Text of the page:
The Present Philip Compared to his Ancestors
Take again the case of Philip, the founder of the
family splendour, and the first of the race to establish the
greatness of the kingdom. The success which he obtained,
after his victory over the Athenians at Chaeronea
, was not due so much to his superiority
in arms, as to his justice and humanity. His victory in
the field gave him the mastery only over those immediately
engaged against him; while his equity and moderation
secured his hold upon the entire Athenian people and
their city. For he did not allow his measures to be dictated
by vindictive passion; but laid aside his arms and warlike
measures, as soon as he found himself in a position to display
the mildness of his temper and the uprightness of his motives.
With this view he dismissed his Athenian prisoners without
ransom, and took measures for the burial of those who had
fallen, and, by the agency of Antipater, caused their bones to
be conveyed home; and presented most of those whom he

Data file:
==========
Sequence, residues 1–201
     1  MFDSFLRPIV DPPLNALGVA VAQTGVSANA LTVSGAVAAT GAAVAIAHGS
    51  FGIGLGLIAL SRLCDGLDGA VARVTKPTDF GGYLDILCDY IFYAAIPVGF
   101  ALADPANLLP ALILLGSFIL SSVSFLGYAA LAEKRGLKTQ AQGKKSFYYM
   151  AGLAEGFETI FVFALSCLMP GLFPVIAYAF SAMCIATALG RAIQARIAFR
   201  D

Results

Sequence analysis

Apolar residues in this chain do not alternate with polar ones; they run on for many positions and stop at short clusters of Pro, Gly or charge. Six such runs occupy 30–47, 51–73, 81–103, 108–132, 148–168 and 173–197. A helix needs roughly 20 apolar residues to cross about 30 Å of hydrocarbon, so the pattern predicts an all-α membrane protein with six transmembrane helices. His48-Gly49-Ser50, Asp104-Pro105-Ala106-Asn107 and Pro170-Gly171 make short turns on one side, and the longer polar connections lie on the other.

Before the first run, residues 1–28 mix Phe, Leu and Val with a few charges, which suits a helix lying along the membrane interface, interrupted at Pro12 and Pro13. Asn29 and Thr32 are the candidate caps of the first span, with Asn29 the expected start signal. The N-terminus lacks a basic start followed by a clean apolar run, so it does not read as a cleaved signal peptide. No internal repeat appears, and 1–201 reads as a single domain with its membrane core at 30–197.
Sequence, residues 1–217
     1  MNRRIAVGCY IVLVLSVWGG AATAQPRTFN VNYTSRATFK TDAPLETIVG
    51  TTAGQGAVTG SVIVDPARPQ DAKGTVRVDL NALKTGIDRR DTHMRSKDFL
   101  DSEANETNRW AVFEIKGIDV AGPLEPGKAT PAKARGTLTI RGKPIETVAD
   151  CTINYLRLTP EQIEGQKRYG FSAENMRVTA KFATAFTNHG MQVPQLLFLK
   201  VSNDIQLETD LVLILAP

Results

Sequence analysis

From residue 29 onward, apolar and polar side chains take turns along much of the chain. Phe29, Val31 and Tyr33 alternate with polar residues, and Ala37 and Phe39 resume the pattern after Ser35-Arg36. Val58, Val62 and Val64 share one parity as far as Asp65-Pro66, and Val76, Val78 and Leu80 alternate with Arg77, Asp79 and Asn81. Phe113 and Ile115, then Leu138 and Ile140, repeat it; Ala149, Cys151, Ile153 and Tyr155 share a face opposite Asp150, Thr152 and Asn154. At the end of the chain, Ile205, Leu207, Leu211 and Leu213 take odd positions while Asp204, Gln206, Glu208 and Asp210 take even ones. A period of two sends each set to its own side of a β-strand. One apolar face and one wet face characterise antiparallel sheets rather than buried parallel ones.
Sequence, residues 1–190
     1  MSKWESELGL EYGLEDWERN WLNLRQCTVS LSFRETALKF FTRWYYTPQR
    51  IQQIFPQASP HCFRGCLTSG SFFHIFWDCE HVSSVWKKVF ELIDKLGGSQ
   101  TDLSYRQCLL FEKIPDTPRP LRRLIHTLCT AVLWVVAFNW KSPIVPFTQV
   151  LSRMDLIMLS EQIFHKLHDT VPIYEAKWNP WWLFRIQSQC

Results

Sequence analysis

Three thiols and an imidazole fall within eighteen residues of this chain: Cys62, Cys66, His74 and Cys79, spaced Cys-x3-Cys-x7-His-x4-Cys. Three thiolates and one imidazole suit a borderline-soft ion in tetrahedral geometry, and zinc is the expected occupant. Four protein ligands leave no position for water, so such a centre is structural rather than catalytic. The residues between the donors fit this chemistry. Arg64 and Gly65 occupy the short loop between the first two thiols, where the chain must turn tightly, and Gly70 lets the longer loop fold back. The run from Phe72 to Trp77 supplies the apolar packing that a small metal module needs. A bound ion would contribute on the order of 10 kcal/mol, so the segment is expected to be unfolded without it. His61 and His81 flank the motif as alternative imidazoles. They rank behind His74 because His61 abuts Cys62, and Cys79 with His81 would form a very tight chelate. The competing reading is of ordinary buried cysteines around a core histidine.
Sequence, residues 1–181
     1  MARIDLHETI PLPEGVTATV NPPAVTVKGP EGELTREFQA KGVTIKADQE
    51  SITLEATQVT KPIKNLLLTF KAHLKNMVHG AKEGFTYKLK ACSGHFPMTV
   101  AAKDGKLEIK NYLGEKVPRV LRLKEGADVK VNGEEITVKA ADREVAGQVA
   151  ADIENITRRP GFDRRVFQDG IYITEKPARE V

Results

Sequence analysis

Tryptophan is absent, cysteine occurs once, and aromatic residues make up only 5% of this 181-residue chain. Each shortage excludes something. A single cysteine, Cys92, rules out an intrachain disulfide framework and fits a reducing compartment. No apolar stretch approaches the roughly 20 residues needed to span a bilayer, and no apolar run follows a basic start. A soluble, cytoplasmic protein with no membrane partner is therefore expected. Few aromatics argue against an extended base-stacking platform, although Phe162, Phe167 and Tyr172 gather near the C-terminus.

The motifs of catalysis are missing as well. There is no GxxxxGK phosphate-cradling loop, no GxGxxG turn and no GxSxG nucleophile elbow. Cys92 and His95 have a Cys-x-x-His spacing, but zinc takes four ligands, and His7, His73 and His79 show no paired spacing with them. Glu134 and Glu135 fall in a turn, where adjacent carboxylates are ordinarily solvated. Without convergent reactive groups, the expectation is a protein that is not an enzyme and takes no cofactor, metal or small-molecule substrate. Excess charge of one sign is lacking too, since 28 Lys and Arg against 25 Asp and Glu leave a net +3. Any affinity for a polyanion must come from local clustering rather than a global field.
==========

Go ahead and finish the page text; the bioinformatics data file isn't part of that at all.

released with suits of clothes. And thus, at small expense, his
prudence gained him a most important advantage. The
pride of the Athenians was not proof against such magnanimity;
and they became his zealous supporters, instead of antagonists,
in all his schemes.
Again in the case of Alexander the Great. He was so
enraged with the Thebans that he sold all the
inhabitants of the town into slavery, and
levelled the city itself with the ground; yet in making
its capture he was careful not to outrage religion, and
took the utmost precautions against even involuntary damage
being done to the temples, or any part of their sacred enclosures. Once more, when he crossed into Asia
avenge on the Persians the impious outrages which they
had inflicted on the Greeks, he did his best to exact the
full penalty from men, but refrained from injuring places
dedicated to the gods; though it was in precisely such that the
injuries of the Persians in Greece
had been most conspicuous.
These were the precedents which Philip should have called to
mind on this occasion; and so have shown himself the
successor and heir of these men,—not so much of their power,
as of their principles and magnanimity.
The subsequent decline in Philip's character.
But throughout his
life he was exceedingly anxious to establish his relationship
to Alexander and Philip, and yet took not the
least pains to imitate them. The result was
that, as he advanced in years, as his conduct differed from theirs, so his general reputation came to
be different also.